Saturday, January 5, 2008


(private use only)

The Finished Product...

A little background...
PS: If you don't really care and want to get right to it, just scroll on down to the tutorial!
I have been making carriers for almost four years. I discovered the world of “babywearing” when my foure year old was just a few months old. I was looking for an alternative to the baby bijorn I had at the time, that was starting to hurt my back. Through surfing the web, I stumbled onto numerous unconventional carriers and was amazed and excited. I wanted to purchase a mei tai right then and there! Money was tight at the time, and I didn’t feel I could justify the purchase, especially without being able to try on the carrier or even see if my daughter liked it. I wondered if I might be able to find some instructions on how to sew one, and sure enough, I stumbled onto a DIY pattern. Of course I did everything wrong, made every mistake, and used the worst materials! But in the end I had my first mei tai. I felt so proud of myself, especially when my daughter loved it.
I still have that carrier. I had a lot of great memories with it. I remember feeling a sense of freedom in discovering the concept of “hands free.” I remember feeling so much love for my daughter when she snuggled up close to me the minute I put her in the mei tai. And most importantly, I remember feeling like I had succeeded at something-which as moms-can mean the whole world sometimes when you feel like you are doing everything wrong.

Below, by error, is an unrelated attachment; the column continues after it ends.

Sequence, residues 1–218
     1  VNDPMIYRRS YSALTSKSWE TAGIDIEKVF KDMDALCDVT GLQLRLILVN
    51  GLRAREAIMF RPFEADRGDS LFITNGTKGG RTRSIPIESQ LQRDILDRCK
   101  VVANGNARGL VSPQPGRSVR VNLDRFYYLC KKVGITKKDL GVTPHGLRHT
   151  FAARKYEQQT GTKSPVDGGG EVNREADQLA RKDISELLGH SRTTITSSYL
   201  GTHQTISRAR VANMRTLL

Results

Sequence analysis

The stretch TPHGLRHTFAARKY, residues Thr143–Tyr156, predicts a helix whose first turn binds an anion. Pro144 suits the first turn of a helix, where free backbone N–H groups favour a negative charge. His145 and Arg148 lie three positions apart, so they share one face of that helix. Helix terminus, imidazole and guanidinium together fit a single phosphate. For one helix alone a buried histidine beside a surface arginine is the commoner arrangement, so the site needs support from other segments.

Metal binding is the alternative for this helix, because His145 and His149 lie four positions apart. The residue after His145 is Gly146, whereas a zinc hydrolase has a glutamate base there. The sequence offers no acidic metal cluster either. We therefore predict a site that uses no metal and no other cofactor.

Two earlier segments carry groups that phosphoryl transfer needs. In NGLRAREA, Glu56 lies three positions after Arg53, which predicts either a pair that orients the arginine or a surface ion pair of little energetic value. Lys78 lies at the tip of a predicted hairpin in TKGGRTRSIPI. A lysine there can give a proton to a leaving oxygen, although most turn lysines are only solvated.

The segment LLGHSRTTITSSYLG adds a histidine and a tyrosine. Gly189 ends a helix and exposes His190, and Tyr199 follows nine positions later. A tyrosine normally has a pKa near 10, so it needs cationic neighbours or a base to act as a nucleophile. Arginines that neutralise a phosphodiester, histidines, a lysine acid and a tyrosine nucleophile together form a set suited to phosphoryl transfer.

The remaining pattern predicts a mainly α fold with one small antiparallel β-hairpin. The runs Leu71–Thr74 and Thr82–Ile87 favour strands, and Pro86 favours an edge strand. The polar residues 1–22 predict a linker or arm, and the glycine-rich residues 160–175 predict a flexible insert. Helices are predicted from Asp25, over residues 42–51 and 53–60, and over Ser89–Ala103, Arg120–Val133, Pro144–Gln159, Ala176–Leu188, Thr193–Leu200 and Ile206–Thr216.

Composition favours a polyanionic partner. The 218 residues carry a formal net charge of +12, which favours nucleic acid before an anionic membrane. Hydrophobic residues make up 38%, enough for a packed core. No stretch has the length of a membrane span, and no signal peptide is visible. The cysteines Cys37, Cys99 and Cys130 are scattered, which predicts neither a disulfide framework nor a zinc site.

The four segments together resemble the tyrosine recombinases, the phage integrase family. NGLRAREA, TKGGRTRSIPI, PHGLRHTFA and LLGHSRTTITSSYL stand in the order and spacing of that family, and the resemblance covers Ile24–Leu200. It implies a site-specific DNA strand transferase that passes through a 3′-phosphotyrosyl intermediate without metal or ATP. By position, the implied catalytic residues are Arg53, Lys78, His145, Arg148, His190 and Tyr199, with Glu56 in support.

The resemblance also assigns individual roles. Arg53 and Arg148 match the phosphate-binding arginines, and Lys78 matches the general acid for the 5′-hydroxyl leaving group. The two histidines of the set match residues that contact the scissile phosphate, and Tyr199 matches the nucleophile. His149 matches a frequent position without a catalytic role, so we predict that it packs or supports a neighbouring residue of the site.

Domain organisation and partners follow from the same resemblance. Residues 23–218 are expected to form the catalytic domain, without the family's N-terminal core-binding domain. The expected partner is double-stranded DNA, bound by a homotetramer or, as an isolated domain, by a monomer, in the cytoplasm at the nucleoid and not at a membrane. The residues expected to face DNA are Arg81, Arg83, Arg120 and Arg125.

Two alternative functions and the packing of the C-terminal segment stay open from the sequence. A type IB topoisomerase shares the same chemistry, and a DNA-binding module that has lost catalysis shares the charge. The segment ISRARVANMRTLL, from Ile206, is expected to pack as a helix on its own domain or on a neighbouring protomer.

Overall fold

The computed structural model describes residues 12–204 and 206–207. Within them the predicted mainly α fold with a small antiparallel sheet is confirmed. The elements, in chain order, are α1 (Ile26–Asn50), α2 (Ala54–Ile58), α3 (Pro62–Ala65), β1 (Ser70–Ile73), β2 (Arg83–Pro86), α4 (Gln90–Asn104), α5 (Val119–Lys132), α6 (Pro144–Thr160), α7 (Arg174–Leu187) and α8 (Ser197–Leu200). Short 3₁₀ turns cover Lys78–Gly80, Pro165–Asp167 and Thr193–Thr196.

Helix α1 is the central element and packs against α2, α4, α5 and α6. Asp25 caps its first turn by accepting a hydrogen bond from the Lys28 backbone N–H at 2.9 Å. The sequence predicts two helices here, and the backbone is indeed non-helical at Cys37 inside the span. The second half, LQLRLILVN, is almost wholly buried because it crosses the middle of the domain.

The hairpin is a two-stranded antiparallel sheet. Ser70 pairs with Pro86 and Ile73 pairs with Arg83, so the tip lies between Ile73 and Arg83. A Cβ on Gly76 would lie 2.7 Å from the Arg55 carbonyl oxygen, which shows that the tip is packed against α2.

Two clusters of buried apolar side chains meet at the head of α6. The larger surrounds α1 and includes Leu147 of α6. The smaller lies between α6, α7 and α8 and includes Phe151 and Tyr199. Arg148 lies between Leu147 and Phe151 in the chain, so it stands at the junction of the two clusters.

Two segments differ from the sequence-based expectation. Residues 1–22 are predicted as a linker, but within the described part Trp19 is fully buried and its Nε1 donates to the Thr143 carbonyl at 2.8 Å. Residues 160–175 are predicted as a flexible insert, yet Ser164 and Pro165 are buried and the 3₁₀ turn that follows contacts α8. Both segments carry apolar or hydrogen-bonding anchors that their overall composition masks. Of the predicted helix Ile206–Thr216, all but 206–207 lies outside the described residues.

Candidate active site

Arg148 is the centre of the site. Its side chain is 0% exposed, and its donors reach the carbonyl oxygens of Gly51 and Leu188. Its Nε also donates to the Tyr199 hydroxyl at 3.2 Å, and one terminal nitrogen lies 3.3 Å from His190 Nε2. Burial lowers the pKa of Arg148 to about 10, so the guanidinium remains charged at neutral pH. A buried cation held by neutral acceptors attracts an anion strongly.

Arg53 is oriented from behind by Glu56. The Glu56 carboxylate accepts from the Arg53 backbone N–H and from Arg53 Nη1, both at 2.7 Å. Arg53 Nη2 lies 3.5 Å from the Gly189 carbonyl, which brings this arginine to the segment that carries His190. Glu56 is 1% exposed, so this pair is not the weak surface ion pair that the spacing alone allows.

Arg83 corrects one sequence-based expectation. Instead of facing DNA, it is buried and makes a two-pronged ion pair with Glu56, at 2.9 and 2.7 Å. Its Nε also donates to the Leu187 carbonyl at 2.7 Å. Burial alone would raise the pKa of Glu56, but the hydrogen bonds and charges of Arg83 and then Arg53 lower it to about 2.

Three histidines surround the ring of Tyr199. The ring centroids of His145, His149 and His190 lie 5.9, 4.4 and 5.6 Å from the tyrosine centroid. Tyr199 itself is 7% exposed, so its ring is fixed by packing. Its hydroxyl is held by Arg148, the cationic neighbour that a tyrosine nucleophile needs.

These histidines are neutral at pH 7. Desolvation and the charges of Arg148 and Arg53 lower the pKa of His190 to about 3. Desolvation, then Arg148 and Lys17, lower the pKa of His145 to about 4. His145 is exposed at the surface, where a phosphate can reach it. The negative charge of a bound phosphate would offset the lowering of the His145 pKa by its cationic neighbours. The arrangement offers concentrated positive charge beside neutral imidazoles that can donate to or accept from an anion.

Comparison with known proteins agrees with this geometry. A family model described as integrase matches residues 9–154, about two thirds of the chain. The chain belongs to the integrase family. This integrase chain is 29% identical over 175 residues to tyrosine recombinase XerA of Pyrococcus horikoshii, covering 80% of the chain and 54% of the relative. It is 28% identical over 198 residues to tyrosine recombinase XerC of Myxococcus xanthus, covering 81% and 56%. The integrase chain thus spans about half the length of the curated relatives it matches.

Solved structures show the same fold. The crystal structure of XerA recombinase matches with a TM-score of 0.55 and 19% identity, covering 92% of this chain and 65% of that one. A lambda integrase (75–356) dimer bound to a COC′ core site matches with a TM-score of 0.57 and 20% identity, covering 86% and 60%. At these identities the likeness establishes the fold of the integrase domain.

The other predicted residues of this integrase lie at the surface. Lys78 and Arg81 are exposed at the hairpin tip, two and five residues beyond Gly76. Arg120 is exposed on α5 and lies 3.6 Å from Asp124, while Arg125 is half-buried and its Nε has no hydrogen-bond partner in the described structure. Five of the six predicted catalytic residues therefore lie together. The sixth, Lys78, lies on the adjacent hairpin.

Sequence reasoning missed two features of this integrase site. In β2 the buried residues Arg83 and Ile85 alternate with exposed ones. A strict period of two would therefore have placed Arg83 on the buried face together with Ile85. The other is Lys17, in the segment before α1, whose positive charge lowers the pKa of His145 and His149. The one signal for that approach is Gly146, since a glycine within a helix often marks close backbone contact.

I decided it was my turn to “pay it forward.” So this is my Do It Yourself Tutorial for a hood to headrest mei tai. I loved the concept of a hooded mei tai, and wondered if the hood could do more than just be a hood. So I added padding and some additional loops to allow the hood to fold down into a padded headrest. I am a very visual person and so I have tried to be very vivid with my description, especially for that mom who only has sewn straight lines up until now! I also tried to include pictures and a few video clips of some of the trickiest parts in the assembly process. I hope you find this tutorial helpful in your attempts to make this mei tai whether it is your first one or your fourteenth! Above all I hope you feel successful and proud of yourself. If you have questions about any of the steps or need clarification, you can email me at and I will try to answer your question.
If you are interested in finding out more about babywearing, styles of carriers, or DIY patterns, is a wonderful resource.
Happy Sewing!

(Above) My first DIY mei tai with my 3 year old when she was 9months and 14months

3 Years later! Isla 1o months, Aislynn 3yrs
and is for PRIVATE USE ONLY.

  • Rotary cutter or sharp pair of sissors (maybe this is silly, but I thought I’d offer it anyway…don’t use your sewing sissors to cut paper…they will be sewing sissors no more and incredibly dull!)
  • A fabric marking pen or chalk to mark on fabric (I use chalk, a chalk pencil, a invisible ink pen, and a white marking pen all interchangeably).